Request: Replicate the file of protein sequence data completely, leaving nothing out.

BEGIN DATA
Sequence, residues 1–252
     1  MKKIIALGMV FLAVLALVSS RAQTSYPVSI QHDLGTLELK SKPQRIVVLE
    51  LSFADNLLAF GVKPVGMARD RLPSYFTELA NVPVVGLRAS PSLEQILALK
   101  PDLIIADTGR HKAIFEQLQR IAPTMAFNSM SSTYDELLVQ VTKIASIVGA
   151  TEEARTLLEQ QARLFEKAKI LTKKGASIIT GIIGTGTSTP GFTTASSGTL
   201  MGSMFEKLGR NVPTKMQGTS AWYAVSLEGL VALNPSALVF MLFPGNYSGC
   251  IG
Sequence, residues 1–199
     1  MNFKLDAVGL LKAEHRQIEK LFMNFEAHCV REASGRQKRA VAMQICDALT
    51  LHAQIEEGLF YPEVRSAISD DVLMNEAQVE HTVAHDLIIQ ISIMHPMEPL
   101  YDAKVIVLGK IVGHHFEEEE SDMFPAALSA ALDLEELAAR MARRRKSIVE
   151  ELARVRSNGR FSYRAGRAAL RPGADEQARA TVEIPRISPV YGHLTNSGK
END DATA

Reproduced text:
Sequence, residues 1–252
     1  MKKIIALGMV FLAVLALVSS RAQTSYPVSI QHDLGTLELK SKPQRIVVLE
    51  LSFADNLLAF GVKPVGMARD RLPSYFTELA NVPVVGLRAS PSLEQILALK
   101  PDLIIADTGR HKAIFEQLQR IAPTMAFNSM SSTYDELLVQ VTKIASIVGA
   151  TEEARTLLEQ QARLFEKAKI LTKKGASIIT GIIGTGTSTP GFTTASSGTL
   201  MGSMFEKLGR NVPTKMQGTS AWYAVSLEGL VALNPSALVF MLFPGNYSGC
   251  IG
Sequence, residues 1–199
     1  MNFKLDAVGL LKAEHRQIEK LFMNFEAHCV REASGRQKRA VAMQICDALT
    51  LHAQIEEGLF YPEVRSAISD DVLMNEAQVE HTVAHDLIIQ ISIMHPMEPL
   101  YDAKVIVLGK IVGHHFEEEE SDMFPAALSA ALDLEELAAR MARRRKSIVE
   151  ELARVRSNGR FSYRAGRAAL RPGADEQARA TVEIPRISPV YGHLTNSGK